Cluster Or Multistage Sampling
• Cluster sampling is a sampling technique where the entire population is divided into groups, or clusters, and a random sample of these clusters are selected. All observations in the selected clusters are included in the sample.
• every element should have a specified (equal) chance of being selected into the final sample.
• typically used when the researcher cannot get a complete list of the members of a population they wish to study but can get a complete list of groups or 'clusters' of the population
• Cheap, easy economical method of data collection.
Non-Probability Sampling

Main Types

• Convenience/ opportunity/accidental sampling.
• Purposive/ judgemental sampling
• Quota sampling
• Snowball sampling
Convenience/ opportunity/accidental sampling.
• volunteer samples
• Sometimes access through contacts or gatekeepers
• ‘easy to reach’ population.
Purposive/ judgemental sampling
• Involves selecting a group of people because they have particular traits that the researcher wants to study
• e.g. consumers of a particular product or service in some types of market research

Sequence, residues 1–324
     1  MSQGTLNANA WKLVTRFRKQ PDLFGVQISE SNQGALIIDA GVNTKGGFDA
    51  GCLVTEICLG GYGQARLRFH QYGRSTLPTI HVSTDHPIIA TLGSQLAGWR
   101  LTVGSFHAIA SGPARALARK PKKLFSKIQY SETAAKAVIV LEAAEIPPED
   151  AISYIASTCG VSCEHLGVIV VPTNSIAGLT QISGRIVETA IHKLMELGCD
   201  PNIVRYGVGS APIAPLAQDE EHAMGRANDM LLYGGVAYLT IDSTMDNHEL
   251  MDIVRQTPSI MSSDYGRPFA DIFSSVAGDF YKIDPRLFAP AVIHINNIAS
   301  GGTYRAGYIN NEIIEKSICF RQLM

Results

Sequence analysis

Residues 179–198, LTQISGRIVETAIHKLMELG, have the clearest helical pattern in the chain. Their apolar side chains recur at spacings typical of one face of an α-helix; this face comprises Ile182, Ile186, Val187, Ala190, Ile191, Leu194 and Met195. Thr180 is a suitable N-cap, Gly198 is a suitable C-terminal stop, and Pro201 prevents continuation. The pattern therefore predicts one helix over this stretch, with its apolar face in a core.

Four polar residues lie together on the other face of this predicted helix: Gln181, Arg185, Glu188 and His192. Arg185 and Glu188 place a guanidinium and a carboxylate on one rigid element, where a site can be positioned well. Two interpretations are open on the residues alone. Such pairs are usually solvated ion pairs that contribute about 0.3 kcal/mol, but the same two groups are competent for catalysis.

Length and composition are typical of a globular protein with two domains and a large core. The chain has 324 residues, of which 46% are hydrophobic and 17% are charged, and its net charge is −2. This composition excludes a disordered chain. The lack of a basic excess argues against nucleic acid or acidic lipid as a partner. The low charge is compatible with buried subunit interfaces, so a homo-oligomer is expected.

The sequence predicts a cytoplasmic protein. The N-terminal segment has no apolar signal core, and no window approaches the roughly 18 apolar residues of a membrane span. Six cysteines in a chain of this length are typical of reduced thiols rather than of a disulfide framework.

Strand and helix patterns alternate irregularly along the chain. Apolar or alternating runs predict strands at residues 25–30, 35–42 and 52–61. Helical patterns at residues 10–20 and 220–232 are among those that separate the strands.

• My own questionnaire research on ‘New-Age’ Travellers.
Quota sampling
• widely used in opinion polls and market research.
• Interviewers given a quota of subjects of specified type to attempt to recruit.
• eg. an interviewer might be told to go out and select 20 male smokers and 20 female smokers so that they could interview them about their health and smoking behaviours .
Snowball sampling
• Involves two main steps.
• Identify a few key individuals
• Ask these individuals to volunteer to distribute the questionnaire to people who know and fit the traits of the desired sample (e.g. my research on Travellers)
Sample Size
• In general, the larger the sample size (selected with the use of probability techniques) the better. The more heterogeneous a population is on a variety of characteristics (e.g. race, age, sexual orientation, religion) then a larger sample is needed to reflect that diversity. (Papadopoulos 2003)
• Response rates vary on the type of surveys (e.g. mail surveys, telephone surveys). Response rates under 60 or 70 per cent may compromise the integrity of the random sample. (ibid)
• Can be divided into two types
• Descriptive.
• Inferential
• Some authors suggest a third type ‘Associative’ (Downey 1975)
Descriptive Statistics
• Statistics which describe attributes of a sample or population.
• includes measures of central tendency statistics (e.g., mean, median, mode), frequencies, percentages. minimum, maximum, and range for a data set, variance etc.
• organise and summarise a set of data
Inferential Statistics